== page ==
New England weather

The ‘Greenhouse Effect' and Why It's So Dangerous to Leave Kids or Pets in a Hot Car

We have the strongest sun angle of the year in New England this weekend and those sun’s direct rays go in through the car windows

File-NBC 5 News

Temperatures are really heating up again this weekend as highs are forecast to hit the 80s and 90s.  The heat poses many dangers to us, including extremely hot vehicles. 

We have the strongest sun angle of the year and those sun’s direct rays go in through the car windows.  We in turn have the "Greenhouse Effect." The shortwave radiation from the sun goes through the car's glass windows and the energy is absorbed by the interior (dash, seats, etc.). It is then radiated out as heat.  The longwave radiation cannot get through the car windows so the heat builds, and it builds fast. 

Outside temperature of 80:

10 minutes, 99 degrees inside the car
20 minutes, 109 degrees inside the car
30 minutes, 114 degrees inside the car
40 minutes, 118 degrees inside the car
60 minutes, 123 degrees inside the car

Outside temperature of 90:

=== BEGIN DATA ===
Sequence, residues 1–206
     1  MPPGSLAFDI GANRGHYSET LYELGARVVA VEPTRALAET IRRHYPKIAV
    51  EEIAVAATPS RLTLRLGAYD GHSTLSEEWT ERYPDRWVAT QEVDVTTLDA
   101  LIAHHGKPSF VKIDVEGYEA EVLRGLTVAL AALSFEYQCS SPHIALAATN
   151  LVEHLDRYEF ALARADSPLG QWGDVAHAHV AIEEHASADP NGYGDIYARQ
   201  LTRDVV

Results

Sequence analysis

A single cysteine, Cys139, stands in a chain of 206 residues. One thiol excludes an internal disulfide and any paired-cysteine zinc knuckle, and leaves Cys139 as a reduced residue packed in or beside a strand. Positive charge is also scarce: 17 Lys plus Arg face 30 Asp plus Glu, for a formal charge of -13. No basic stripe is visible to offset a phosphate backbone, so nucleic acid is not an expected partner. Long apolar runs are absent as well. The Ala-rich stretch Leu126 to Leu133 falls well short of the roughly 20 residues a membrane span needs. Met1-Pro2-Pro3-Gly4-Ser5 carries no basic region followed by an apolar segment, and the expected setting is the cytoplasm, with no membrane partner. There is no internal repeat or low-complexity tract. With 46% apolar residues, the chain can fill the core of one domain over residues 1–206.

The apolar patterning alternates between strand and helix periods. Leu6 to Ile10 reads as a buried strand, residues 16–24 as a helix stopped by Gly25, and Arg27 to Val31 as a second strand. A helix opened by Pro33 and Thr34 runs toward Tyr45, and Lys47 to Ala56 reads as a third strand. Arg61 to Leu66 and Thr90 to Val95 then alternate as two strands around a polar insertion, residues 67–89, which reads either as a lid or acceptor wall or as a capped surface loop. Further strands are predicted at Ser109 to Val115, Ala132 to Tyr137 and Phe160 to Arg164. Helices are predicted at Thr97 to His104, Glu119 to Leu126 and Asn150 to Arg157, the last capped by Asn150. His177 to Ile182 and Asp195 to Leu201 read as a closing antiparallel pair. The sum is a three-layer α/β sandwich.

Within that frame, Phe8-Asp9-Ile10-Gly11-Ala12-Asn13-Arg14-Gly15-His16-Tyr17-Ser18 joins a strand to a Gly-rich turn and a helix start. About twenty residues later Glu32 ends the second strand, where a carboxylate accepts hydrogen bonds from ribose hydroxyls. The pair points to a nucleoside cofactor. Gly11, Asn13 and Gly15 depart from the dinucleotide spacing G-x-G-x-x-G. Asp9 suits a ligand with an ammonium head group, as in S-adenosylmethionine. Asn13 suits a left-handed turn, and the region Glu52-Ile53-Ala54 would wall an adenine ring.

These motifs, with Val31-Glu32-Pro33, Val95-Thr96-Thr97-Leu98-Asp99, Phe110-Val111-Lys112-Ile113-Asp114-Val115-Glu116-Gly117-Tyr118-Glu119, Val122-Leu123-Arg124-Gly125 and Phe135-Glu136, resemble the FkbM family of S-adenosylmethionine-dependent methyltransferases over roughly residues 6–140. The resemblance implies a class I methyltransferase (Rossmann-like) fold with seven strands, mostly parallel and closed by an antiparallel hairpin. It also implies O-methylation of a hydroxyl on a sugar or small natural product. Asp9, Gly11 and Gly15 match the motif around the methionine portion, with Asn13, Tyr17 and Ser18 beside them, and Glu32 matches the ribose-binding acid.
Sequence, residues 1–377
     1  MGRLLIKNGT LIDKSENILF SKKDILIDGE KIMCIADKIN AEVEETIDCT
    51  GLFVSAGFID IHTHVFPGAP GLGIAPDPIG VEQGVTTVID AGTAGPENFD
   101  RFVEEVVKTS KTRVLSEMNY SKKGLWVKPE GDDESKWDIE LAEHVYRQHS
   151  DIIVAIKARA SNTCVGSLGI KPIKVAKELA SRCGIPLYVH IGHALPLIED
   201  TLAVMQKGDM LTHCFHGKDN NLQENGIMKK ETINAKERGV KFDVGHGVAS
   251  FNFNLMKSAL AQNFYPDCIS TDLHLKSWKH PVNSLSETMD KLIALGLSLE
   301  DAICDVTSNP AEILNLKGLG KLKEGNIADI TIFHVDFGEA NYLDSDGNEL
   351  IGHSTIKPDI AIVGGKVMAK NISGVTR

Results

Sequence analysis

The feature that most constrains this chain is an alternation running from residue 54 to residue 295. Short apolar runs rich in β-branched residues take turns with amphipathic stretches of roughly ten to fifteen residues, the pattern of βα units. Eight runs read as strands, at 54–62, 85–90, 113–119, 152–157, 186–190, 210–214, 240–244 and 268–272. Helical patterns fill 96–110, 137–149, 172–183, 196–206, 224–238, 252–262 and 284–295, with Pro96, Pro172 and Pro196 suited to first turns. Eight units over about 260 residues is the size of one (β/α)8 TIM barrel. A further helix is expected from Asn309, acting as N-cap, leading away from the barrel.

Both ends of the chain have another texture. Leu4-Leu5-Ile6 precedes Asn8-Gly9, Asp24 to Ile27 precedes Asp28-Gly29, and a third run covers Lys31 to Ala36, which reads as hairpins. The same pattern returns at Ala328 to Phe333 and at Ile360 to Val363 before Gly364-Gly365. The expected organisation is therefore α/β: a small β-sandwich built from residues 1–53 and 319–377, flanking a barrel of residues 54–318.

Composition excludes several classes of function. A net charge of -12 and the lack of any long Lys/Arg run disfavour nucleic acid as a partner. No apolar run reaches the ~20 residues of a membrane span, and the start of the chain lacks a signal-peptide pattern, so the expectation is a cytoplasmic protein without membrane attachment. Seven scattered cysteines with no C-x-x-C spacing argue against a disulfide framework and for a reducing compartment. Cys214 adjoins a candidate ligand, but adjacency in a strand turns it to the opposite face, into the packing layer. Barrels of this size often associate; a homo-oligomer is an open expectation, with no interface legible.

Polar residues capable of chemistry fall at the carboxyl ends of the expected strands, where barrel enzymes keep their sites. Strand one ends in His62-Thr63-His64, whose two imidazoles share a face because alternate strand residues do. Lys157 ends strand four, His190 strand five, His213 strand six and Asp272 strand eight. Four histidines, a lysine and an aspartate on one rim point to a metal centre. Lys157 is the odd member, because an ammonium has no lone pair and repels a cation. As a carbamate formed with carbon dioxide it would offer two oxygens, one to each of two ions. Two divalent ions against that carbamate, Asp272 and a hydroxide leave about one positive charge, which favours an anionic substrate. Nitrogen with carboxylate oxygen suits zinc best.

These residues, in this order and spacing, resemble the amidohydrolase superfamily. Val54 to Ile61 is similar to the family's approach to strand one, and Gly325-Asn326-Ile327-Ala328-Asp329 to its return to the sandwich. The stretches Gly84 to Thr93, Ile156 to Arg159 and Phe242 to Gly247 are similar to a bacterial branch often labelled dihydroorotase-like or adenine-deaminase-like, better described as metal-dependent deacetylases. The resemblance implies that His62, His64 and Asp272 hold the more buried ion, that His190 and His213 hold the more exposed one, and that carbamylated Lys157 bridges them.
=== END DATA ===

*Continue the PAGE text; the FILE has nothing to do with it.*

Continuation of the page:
10 minutes, 104 degrees inside the car
20 minutes, 119 degrees inside the car
30 minutes 124 degrees inside the car
40 minutes, 128 degrees inside the car
60 minutes, 133 degrees inside the car

This kind of heat is deadly, and that’s why you should never leave children or pets inside a car -- even for a quick minute.  According to the National Highway Traffic Safety Administration, 23 children died of vehicular heatstroke in 2021.

Keep in mind, rolling the windows down also does not cool off the parked car enough. Even leaving the air conditioning running is dangerous if the child or pet is alone in the car as they can accidentally turn it off or put the car in gear.

When the temperatures begin to rise, it's important to know what you should and shouldn't do to keep you and your loved ones safe. Here are some tips.
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